Saving Mat’s cellphone

A good friend of me approached me 2 months back with his broken Nokia cell-phone, that all of a sudden died on him.. Number, pictures and messages were stored in the phone, leaving him without all his contacts.

I figured i could just have a look if it was something simple and if so, get it alive again to be able to back it all up. Once home i first tested a regular micro-usb cable but i did not see any led blink or indicate that charging was taking place. Measuring the battery it was totally flat but lacking means of charging it i told him that i didn’t get very far. Since that the phone has been laying around, doing no good to no one.

As i finished of the video camera charger the other day, i still had some max1555’s li-ion charger circuits at my disposal and figured i could build a second charger and see if i could get some life in the battery circumventing the phones own charging system. Since this would not be a permanent install i figured i would build something that could be reused, that had clear test-points and that could easily be connected to whatever cell i needed to charge. As space was not an issue i mounted the MAX1555 on a separate board (cigarette for scale, the MAX1555 is a non-smoking IC)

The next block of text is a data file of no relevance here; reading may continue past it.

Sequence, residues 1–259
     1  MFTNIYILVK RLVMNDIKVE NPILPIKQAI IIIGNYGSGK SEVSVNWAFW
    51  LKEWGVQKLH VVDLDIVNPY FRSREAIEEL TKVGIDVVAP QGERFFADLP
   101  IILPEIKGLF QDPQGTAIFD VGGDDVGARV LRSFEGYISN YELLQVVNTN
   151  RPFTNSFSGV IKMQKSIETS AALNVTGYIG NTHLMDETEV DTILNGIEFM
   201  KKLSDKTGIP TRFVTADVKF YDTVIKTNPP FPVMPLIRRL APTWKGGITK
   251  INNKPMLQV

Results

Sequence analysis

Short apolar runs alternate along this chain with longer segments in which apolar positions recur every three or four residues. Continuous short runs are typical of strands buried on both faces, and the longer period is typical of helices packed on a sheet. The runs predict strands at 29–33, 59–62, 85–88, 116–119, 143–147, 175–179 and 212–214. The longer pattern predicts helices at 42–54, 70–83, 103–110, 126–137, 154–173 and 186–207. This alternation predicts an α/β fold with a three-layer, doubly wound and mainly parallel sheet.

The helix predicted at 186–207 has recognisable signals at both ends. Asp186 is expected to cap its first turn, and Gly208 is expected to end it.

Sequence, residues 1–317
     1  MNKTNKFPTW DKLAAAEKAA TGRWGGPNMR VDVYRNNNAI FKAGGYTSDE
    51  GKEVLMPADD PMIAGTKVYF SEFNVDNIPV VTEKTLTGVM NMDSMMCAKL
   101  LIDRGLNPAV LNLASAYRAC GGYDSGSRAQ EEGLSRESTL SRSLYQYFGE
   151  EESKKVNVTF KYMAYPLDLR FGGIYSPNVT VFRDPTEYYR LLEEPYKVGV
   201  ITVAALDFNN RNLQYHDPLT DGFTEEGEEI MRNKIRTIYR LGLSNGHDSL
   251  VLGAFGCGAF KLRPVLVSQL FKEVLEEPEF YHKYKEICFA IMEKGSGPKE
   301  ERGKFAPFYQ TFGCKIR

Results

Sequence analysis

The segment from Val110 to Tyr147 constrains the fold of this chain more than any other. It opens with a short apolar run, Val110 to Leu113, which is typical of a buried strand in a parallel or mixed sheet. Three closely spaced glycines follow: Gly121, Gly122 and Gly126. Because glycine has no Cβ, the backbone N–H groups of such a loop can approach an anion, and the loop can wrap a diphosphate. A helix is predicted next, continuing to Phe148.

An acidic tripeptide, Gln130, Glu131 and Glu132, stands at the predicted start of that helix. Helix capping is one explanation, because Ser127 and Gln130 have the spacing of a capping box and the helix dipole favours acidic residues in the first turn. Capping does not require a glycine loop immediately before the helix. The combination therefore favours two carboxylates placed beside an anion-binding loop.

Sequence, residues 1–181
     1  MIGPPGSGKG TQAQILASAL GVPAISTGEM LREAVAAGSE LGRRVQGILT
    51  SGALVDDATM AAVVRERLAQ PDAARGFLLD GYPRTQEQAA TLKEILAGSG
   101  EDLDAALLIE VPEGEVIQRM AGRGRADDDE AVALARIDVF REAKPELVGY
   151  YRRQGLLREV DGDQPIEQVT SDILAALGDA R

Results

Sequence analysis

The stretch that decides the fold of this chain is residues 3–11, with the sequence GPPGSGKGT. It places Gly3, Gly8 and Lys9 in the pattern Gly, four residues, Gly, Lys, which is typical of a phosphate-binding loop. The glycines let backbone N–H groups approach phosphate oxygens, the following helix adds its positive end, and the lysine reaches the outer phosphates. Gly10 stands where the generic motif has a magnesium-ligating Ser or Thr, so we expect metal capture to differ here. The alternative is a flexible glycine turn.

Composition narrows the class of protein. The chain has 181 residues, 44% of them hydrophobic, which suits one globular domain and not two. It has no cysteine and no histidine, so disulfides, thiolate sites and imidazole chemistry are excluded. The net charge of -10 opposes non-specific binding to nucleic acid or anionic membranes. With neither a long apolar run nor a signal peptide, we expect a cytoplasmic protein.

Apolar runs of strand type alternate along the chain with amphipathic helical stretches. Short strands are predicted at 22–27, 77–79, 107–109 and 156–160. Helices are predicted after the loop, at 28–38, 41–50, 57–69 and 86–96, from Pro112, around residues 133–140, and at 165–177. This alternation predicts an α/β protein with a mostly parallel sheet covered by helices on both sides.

And then continues to lead out the tiny legs of the MAX1555 to the board. This board was added on top of the next circuit board using basically almost the same schematic as for the video-camera in the earlier article.


The battery belonging to the phone turned out not to accept charge, and in retrospect i find out the phone broke when he tried to charge it with a 220 volt charger in New York (110 volts ftw!).

This explained a lot. I took old nokia li-ion battery, hooked up the charger and the multimeter to see that the charger was working and the cell accepted the load:


Turns out this old battery also had done it’s fair share of heavy lifting, and i had to dismiss it. Next battery in line was another Nokia battery from one of it’s first smart-phones. This battery worked straight off, and as i reached the magic 3.7 volts, i connected the battery to the phone and pressed the power-button, VOILA!


I called Mat to inform him the phone was alive again, who was very happy but this celebration lasted short, as the aluminium connector from the battery broke off, and no matter what i tried, i could not reconnect it. Having ran out of Lithium-Ion batteries i was stuck with Lithium-Polymer batteries. I desoldered the battery controller seen under the accumulator in the picture above, i soldered it to the LiPo cell instead resulting in a working but franken-phone seen here:


It’s not beautiful, but it is working and all contacts and sms are once more safe. Yet another happy customer :)

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